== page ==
Assembly Theatre will not be given first option to use the Assembly Rooms again and claims future use of the refurbished building during the festival will go to the "highest bidder".
Council leaders have admitting warning the long-running company that they will not get preferential treatment in August and say they have had strong interest from other promoters in taking on the A-listed building in George Street.
The local authority gave its final approval to a 9.3 refurbishment of the building on Thursday, with the Assembly Rooms set to lie empty during next year's festival while work is carried out. An open tender will be held to decide who will be allowed to stage Fringe shows, with a three-year contract expected to be up for grabs.
However Assembly Theatre has attacked the council for showing a lack of loyalty to the company, which has given many big-name acts their breakthrough at the venue.
Veteran producer Guy Masterson, actors Simon Callow and Brian Cox, and comedians Johnny Vegas and Jo Brand were among the stars to back a campaign against the council's plans, which will lead to the loss of five performance areas to make way for two shops and a restaurant.
Senior councillors and officials have been infuriated at the campaign orchestrated by Assembly's artistic director William Burdett-Coutts, who claims his company's fears over the impact the changes would have on the Fringe were ignored.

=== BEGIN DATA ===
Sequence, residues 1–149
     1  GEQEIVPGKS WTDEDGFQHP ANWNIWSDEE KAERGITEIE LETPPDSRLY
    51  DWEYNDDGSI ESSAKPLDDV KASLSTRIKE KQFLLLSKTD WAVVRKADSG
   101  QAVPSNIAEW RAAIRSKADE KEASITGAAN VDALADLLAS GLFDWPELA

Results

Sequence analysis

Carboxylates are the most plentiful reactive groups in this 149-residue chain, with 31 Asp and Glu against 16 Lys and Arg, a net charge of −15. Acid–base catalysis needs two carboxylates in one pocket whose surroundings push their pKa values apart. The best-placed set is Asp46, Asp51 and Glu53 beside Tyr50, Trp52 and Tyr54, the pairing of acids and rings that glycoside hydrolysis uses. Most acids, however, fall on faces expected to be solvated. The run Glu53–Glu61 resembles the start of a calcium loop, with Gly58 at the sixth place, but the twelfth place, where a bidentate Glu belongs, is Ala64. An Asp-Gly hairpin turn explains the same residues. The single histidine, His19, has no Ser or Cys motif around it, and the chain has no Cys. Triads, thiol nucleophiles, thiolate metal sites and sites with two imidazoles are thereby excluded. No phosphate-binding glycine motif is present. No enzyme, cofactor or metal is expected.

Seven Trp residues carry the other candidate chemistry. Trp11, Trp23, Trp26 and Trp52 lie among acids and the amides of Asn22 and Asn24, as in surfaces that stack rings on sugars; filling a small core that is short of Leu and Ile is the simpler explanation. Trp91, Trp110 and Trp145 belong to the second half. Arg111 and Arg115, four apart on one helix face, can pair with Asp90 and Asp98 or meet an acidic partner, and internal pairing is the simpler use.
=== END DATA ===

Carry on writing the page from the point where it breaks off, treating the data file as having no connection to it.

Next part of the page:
Sandy Ross, a director of Assembly Theatre, told The Scotsman: "We have no arrangement in place to use the building again when it is refurbished and we have been told it will be put out to open tender. We think it will simply go out to the highest bigger to run it during the Fringe.
"We've had a great relationship with the council for 30 years and that seems to have been forgotten about. We've certainly not had any guarantees about having first option for using it during the Fringe. We've simply been told the building will be let out according to the council's current policies and we will have to compete with everyone else.
"It's by no means certain we'll be able to use the building again. The Assembly Rooms as people know it will certainly not be back."
Council officials insisted a decision on who to let the building to during the Fringe would not simply be made on financial grounds.However it was claimed it has been receiving "serious interest" from other promoters.
Steve Cardownie, the council's festivals and events champion, said: "Assembly Theatre has had a very good deal over the years, but it is only right that the use of the building during the Fringe is put out to open tender.
"There is no contractual obligation for them to use the building again.
"I've been dismayed by the campaign that has been run by Assembly Theatre and but we need to put that past us now."